Honey’s power-packed healing properties, coupled with the immune boosting properties of bee pollen, makes this naturally sweet treat something to buzz about.
Now, we know why you’re really here. Let’s get to some of our favorite recipes!
If you follow us on Instagram and Facebook, you may have seen some of the many delicious honey-sweetened recipes we’ve shared over the years. Here are a few more to get you ready for the holiday season. Yes…Thanksgiving is right around the corner, people! (Let’s get through Halloween first, right?)
Here are three delicious recipes that will definitely impress and have just a touch of natural honey sweetness. Our fall honey harvest produced an amazing dark golden honey, and we still have jars available on our website!
- 2 pounds baby carrots with tops
- 2 teaspoons olive oil 3 tablespoons butter, divided
- 1/2 teaspoon kosher salt
- 1/4 teaspoon freshly ground black pepper
- 1 shallot, finely chopped
- 2 tablespoons bourbon (or apple juice!)
- 2 tablespoons honey (LOCAL honey that is)
- 1 tablespoon chicken broth or water
- 1/2 teaspoon chopped fresh thyme
How to Make It
Place a small roasting pan in oven. Preheat oven and pan to 500°.
Cut tops from carrots, leaving 1 inch of greenery on each carrot.
Stir together olive oil and 1 Tbsp. butter in preheated pan. Add carrots, salt, and pepper; toss to coat. Bake 10 minutes.
Meanwhile, melt remaining 2 Tbsp. butter in a small saucepan over medium-high heat. Add shallot; sauté 1 minute. Remove from heat, and stir in bourbon and next 2 ingredients. Return to heat, and bring to a boil, stirring occasionally. Reduce heat to medium, and cook 5 minutes or until mixture is syrupy.
Drizzle syrup over carrots; toss to coat. Bake 5 to 7 more minutes or until carrots are crisp-tender. Transfer to a serving dish, and sprinkle with thyme.
Brie, Apple and Honey Crostini
- 1 baguette cut into 1/2” slices (or buy pre-cut!)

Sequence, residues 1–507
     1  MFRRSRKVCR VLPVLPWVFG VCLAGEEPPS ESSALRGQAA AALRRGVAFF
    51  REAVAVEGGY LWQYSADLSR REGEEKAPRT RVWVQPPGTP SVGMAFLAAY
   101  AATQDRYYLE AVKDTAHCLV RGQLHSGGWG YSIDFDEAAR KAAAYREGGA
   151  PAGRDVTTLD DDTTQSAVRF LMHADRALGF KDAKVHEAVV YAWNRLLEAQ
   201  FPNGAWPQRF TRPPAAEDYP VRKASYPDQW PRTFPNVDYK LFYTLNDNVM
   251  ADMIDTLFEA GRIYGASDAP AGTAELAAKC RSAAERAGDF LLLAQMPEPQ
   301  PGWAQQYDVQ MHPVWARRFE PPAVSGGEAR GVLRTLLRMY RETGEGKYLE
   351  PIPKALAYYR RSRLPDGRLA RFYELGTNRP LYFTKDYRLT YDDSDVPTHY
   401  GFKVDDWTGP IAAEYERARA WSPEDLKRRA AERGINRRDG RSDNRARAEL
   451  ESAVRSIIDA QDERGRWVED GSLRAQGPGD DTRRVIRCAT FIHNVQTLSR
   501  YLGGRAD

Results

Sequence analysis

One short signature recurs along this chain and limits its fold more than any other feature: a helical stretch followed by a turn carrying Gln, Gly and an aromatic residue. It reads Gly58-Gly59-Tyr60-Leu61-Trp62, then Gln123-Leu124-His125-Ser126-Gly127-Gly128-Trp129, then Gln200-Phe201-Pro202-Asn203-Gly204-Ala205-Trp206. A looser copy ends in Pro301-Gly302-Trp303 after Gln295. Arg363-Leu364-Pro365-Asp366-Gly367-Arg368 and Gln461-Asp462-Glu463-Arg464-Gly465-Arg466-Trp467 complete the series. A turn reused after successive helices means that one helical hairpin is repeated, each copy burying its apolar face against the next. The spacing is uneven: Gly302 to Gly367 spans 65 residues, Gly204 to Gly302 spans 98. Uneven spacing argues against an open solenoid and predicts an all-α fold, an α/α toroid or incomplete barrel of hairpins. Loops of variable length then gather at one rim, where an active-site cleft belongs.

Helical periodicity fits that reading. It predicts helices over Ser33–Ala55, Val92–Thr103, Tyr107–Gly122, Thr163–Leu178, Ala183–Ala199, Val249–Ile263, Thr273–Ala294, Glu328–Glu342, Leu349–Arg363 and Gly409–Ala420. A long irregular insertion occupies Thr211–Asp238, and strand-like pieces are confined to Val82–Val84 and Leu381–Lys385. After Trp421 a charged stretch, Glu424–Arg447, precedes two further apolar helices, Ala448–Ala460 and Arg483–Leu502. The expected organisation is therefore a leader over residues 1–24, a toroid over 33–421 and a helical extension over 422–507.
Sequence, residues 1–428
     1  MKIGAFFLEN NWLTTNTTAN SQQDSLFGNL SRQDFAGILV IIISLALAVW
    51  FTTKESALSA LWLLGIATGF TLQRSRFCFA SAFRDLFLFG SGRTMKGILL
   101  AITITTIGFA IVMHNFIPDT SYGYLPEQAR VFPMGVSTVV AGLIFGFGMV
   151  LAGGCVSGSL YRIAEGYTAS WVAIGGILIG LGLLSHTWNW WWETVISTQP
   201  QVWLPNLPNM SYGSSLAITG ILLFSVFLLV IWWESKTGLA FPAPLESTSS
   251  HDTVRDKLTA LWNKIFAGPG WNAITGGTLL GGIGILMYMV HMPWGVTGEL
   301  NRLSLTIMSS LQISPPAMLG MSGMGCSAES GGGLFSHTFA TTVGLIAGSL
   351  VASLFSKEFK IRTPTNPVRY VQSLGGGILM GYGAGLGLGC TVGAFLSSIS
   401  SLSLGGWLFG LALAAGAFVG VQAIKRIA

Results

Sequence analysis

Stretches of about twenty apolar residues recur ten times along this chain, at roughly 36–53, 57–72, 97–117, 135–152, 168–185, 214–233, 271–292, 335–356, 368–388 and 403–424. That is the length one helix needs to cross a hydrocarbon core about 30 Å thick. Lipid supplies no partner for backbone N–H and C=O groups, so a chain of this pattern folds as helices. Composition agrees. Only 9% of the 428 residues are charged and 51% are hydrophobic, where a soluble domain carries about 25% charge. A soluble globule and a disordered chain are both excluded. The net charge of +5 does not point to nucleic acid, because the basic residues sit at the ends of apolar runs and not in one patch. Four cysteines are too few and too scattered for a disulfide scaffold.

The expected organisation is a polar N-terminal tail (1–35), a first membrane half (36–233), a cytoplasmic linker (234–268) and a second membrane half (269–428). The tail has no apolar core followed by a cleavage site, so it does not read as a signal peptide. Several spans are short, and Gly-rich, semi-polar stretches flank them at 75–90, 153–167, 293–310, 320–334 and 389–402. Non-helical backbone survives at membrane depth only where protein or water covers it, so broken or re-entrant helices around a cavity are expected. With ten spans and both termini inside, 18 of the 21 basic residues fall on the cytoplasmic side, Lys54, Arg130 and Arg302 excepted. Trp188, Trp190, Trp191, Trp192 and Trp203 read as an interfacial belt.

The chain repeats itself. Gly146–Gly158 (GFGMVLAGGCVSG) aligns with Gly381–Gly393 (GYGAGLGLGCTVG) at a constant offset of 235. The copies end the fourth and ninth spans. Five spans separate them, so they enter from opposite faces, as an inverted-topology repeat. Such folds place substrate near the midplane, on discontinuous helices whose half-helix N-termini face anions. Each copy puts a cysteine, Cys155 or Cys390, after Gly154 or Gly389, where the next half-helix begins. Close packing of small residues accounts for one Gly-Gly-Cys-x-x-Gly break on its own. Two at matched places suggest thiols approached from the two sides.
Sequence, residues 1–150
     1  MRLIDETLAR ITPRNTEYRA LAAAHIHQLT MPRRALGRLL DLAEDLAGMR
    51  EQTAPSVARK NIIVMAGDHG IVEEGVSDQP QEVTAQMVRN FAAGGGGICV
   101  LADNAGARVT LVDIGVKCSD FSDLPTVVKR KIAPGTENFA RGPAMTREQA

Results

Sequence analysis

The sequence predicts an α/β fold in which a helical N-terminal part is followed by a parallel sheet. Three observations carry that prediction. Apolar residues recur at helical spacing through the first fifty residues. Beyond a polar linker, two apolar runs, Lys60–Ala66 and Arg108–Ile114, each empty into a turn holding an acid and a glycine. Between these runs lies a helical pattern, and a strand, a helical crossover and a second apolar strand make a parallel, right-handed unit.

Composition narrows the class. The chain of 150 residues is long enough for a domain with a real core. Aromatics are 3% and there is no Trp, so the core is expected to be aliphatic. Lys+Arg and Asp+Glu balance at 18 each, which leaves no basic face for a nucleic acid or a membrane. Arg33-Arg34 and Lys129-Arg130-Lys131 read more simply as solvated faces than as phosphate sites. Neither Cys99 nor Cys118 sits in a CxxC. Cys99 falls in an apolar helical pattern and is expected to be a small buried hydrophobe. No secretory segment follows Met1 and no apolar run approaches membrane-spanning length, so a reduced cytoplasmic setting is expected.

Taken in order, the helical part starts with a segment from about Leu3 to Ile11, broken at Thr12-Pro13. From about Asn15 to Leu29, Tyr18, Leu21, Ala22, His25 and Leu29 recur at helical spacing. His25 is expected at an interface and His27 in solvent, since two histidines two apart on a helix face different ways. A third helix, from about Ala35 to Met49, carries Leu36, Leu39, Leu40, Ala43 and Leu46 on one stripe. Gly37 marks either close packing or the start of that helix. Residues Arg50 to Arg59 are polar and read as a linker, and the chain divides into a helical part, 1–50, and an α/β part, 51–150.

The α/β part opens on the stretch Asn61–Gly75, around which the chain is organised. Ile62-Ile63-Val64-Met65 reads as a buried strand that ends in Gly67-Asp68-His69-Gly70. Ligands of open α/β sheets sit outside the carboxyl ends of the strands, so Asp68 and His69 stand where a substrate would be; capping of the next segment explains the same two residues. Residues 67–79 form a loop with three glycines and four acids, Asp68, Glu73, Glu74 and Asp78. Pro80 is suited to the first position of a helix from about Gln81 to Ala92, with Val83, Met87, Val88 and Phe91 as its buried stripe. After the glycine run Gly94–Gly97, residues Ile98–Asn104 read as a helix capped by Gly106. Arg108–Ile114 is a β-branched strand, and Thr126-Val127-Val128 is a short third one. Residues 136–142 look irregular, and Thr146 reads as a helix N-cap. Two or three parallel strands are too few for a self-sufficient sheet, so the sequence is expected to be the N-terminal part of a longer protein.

- 1 jar of apple butter
- 6 ounces of Brie
- 2 large apples
- Squeeze of fresh lemon juice
- 1/2 cup candied pecans
- Honey for drizzling
How to Make It
Preheat oven to 375°
Spread apple butter on one side of the baguette slices and place on large baking sheet.
Slice brie into thin slices and place on top of each crostini. Bake for 5-7 minutes until the cheese is melted.
While the crostini is in the oven, cut the apple into thin slices, removing the core. Squeeze lemon juice over the slices to keep them from browning.
Remove the crostini from the oven. Top each piece with an apple slice, a sprinkling of candied pecans and a drizzle of honey. Serve immediately. Heavenly!
Honey Glazed Chili Almonds
- 1 1/2 cups raw, unblanched almonds
- 1 tablespoon sugar
- 1 1/2 tablespoons honey
- 1/2 teaspoon ground chipotle chile powder
- 1/4 teaspoon ground cumin
- 1/4 teaspoon salt
How to Make It
Line a large baking sheet with parchment paper.
Place the almonds in a medium nonstick skillet; cook over medium heat for 6 minutes or until lightly toasted, shaking pan frequently.
Combine the remaining ingredients in a 2-cup glass measuring cup. Microwave on HIGH for 30 seconds.
Add honey mixture to pan, and cook 2 minutes, stirring constantly.
Arrange almond mixture on prepared baking sheet in a single layer; let stand 10 minutes. Break apart any clusters.
We really wanted to share only gooey honey desserts, but we knew that these three recipes would be a lot easier and more practical for entertaining around the holidays. We hope you enjoy the versatility of honey and create some of your own special recipes with it. Send us your favorite recipe at firstname.lastname@example.org.
For more information on any of the all-natural products we create at Little Bee of CT, visit us at www.littlebeeofct.com.
Don’t forget to follow @littlebeeofct on Instagram and Facebook where we post daily updates on our products and our favorite creature…the little bee!
Thank you for supporting Little Bee of CT and the busy beekeepers around the world.